As of October, the Property Council of Australia found that while the level of occupancy had begun to increase, Hobart, the best performing city, was still only at 79% of pre-COVID levels, while Sydney was at 40%, and Melbourne at just 7%.
It’s not just businesses who are reluctant to fill their offices. Employees are just as reticent to return, at least full time, partly due to the risks exposed by the commute and communal office environment, and also because they have discovered how productive they can be working from home.
Rethinking your real estate strategy
Businesses are rethinking their real estate strategy. Some are reconfiguring their offices with more collaborative spaces and fewer individual desks and adopting a hub and spoke model with a reduced head office, a number of smaller office spaces available out of the CBD plus more permanent working from home arrangements. That still gives businesses a centralised head office, but a more flexible model to be more adaptable and resilient in the future.
Once we fully emerge from COVID-19 and businesses have the opportunity to sit down and assess what sort of operational model they should adopt long-term, it’s really important to think about what an office gives you, over and above just working from home.
Managing security for remote users
The first issue is security. In general, it’s much harder to manage a user’s security when they are working from home. You don’t have any control over the physical security of the property, or who has access to the room or the devices being used for work. The connection to the corporate network is usually being made from a standard broadband Internet service, which could also raise issues of availability and redundancy. Remote users have also become much more of a target for attacks, particularly phishing attacks, including fake Zoom invitations and COVID-19 scams.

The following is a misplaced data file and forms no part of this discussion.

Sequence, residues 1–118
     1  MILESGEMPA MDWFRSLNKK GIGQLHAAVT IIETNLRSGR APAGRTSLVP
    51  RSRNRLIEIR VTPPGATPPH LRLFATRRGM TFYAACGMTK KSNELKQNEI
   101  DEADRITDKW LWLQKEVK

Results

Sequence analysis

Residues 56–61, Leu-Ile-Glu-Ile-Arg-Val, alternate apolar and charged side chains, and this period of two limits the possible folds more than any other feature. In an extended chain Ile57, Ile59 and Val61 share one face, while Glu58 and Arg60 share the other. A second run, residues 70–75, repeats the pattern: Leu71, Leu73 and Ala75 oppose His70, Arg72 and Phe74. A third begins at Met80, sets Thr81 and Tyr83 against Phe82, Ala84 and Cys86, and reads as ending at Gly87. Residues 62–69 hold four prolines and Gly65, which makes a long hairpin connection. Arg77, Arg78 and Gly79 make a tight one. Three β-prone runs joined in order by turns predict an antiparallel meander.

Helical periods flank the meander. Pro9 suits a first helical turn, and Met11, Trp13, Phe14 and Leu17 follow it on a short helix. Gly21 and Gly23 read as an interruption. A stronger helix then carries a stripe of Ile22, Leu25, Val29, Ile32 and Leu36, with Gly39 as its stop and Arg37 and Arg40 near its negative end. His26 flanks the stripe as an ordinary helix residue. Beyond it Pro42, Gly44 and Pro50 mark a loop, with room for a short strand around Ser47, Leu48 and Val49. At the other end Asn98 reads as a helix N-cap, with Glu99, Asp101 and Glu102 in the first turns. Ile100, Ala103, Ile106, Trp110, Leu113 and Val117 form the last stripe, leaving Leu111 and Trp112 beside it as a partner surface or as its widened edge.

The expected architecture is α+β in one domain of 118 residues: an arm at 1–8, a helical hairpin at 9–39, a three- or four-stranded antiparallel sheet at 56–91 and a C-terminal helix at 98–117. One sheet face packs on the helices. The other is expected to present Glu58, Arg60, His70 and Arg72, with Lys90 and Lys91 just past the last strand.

There are some security requirements that simply can’t be met working remotely, particularly in highly-regulated industries like banking, finance and superannuation. So, if you are setting up a hub and spoke office model in a business with strict security requirements, it can become problematic and expensive to ensure that each of your facilities meets the required standard.
With a large number of our customers in banking, finance and superannuation, which is regulated by the Australian Prudential Regulation Authority, we have traditionally offered them business continuity suites facilities that have been designed to meet these stringent APRA requirements. Our Business Continuity suites were used extensively when COVID-19 restrictions and precautions were in place, so that our customers could maintain their resilience through physical separation of their teams, allowing them to continue to operate throughout.